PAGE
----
Speaking of "job creators," there seems to be a fundamental disagreement between the two candidates about invention, innovation and entrepreneurship.  Governor Romney is of the opinion that people like Steve Jobs, Bill Gates, Henry Ford, Ray Kroc and "Papa" John Schnatter (he mentioned him, seriously) are brilliant people who created business empires without the help of another single person or thing, including the dreaded government.

These are brilliant men who did, in fact, succeed in business with wonderful innovations, ideas and technology; but to claim they did it all by themselves is factually incorrect and delusional.  Yet, this is the kind of message that fires up under-informed voters. It makes them believe that success is right around the corner, that they needn't be dynamic to be the next big thing, that if the government would just get out of the way, I will be the next Donald Trump!

That's why the Romney campaign made sure America heard Obama say "If you've got a business—you didn't build that. Somebody else made that happen."  Of course, those two lines are part of a bigger text referring to how personal ambition and creativity are peaked, molded and assisted through interaction, opportunity and history.  Here is a fuller quote from the President:

"If you were successful, somebody along the line gave you some help. There was a great teacher somewhere in your life. Somebody helped create this unbelievable American system that we have that allowed you to thrive. Somebody invested in roads or bridges. If you've got a business—you didn't build that. Somebody else made that happen. The Internet didn't get invented on its own. Government research created the Internet so that all companies could make money off the Internet."

While it is not eloquent to read, if you can imagine the stops and fervor with which he spoke those words, you probably would be inspired or at least hate him a little less.  Here is a short list (off the top of my head) of inventions aided by the government:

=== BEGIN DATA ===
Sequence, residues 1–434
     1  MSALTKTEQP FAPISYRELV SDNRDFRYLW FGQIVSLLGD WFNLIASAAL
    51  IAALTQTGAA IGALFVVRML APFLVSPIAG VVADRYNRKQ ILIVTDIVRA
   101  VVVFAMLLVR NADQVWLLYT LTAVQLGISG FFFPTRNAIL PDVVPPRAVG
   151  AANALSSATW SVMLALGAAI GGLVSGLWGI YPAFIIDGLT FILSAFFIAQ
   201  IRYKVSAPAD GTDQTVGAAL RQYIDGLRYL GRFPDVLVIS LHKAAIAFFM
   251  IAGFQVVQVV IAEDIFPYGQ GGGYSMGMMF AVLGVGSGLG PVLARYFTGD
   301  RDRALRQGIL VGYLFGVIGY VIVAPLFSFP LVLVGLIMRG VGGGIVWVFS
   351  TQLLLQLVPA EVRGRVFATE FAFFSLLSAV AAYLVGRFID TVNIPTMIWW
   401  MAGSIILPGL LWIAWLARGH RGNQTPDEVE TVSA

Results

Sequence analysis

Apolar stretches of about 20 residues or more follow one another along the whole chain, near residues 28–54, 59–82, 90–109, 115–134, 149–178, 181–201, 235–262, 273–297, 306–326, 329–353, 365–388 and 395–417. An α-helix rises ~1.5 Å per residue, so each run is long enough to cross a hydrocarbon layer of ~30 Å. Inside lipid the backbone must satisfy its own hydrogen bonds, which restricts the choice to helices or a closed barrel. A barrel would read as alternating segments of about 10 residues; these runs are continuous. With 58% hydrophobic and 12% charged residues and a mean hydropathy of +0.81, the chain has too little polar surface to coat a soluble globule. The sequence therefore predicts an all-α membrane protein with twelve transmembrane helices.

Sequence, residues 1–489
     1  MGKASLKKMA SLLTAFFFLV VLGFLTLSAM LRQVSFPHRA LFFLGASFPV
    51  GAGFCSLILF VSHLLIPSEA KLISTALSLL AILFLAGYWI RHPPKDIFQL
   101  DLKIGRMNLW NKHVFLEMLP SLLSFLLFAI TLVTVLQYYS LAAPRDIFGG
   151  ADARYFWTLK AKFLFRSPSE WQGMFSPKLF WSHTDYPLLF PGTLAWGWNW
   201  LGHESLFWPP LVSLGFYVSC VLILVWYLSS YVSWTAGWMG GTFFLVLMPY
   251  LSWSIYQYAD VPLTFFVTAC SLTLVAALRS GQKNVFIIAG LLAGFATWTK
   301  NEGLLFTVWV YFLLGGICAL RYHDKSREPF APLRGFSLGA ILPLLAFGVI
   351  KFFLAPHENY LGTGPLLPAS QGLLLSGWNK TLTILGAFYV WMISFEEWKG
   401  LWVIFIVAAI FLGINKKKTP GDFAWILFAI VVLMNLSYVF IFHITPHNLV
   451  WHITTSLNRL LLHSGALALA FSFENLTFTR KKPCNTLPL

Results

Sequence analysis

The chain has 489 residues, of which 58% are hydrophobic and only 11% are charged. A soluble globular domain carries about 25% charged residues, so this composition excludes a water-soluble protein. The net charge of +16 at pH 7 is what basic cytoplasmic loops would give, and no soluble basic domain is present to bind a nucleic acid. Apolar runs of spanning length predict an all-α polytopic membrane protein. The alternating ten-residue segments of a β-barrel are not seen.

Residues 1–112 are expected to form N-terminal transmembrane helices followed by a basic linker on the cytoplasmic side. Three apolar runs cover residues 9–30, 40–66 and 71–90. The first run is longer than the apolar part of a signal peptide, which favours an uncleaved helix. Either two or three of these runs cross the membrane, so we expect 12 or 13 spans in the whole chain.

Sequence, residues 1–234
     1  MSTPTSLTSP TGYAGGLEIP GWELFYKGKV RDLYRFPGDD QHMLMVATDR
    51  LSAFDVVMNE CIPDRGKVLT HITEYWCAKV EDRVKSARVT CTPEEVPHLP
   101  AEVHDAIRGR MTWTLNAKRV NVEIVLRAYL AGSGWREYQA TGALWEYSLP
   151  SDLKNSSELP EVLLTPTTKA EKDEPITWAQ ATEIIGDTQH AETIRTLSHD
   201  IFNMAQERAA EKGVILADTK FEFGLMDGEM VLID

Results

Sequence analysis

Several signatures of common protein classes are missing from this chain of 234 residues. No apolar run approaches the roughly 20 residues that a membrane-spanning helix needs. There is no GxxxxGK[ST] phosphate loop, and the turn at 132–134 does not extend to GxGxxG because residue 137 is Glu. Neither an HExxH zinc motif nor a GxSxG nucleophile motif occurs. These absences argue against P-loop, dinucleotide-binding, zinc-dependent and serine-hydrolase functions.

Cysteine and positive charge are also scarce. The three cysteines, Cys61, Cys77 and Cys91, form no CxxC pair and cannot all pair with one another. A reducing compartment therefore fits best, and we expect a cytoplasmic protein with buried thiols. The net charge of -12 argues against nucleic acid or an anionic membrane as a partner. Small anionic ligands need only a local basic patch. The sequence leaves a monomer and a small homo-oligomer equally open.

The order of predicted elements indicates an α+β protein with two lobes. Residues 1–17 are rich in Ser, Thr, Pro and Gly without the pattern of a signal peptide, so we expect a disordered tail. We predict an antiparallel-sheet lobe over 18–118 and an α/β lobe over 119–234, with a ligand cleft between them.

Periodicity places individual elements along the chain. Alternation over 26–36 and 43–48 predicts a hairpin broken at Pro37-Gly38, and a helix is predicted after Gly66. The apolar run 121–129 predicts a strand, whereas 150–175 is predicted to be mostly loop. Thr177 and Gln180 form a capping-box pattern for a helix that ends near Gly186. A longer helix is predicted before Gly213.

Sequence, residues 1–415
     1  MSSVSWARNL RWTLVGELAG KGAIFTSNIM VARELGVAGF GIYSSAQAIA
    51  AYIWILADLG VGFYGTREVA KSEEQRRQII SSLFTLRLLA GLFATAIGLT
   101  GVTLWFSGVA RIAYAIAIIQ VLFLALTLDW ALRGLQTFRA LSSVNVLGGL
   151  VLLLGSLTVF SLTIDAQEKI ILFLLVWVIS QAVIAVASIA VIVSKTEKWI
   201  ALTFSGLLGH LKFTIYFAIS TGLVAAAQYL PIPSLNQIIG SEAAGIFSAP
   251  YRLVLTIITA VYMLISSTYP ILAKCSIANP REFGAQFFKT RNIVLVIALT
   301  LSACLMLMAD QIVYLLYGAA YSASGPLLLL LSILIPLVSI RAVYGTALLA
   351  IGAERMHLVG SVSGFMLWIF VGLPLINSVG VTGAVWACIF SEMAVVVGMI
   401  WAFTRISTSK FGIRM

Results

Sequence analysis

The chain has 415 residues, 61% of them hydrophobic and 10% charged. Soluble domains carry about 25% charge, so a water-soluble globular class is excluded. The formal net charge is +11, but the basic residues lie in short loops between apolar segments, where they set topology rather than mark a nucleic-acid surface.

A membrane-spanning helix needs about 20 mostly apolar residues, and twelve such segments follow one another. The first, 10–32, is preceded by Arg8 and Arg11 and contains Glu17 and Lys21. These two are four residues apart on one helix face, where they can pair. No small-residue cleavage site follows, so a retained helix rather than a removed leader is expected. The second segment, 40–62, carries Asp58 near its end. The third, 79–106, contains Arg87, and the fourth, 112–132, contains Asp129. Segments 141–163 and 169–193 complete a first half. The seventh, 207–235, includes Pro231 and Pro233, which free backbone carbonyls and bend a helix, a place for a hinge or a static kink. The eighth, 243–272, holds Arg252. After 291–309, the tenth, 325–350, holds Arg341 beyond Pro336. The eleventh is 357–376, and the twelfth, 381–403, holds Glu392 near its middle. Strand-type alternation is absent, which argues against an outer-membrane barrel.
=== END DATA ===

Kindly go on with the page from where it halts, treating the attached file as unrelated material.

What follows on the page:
• ABC Computer (ISU!)
  • ENIAC Computer
  • UNIVAC Computer
  • ERMA Computer
  • MICR Computer
  • Integrated Circuits
  • Satelite Television
  • ATM Machine
  • Internet
  • Microchips
  • The Bar Code
  • GPS
  • Cordless Tools
  • CAT Scanner
  • Heart Rate Monitors
  • Smoke Detectors
  • Insulation
  • Cell Phone Cameras
  • Wii
  • Trash Compactors
  • Water Filters
  • Memory Foam
Even Henry Ford needed the government to build roads in order to sell cars and McDonald's needs farm subsidies to keep their meals cheap. There are symbiotic relationships throughout the world that are necessary for success.  Malcolm Gladwell, author of Outliers says, "My wish with Outliers is that it makes us understand how much of a group project success is. When outliers become outliers it is not just because of their own efforts. It's because of the contributions of lots of different people and lots of different circumstances—and that means that we, as a society, have more control about who succeeds—and how many of us succeed—than we think. That's an amazingly hopeful and uplifting idea."

It's impossible to live in a vacuum and be successful unless you are a character in Atlas Shrugged.
The title is quote is from Ronald Reagan.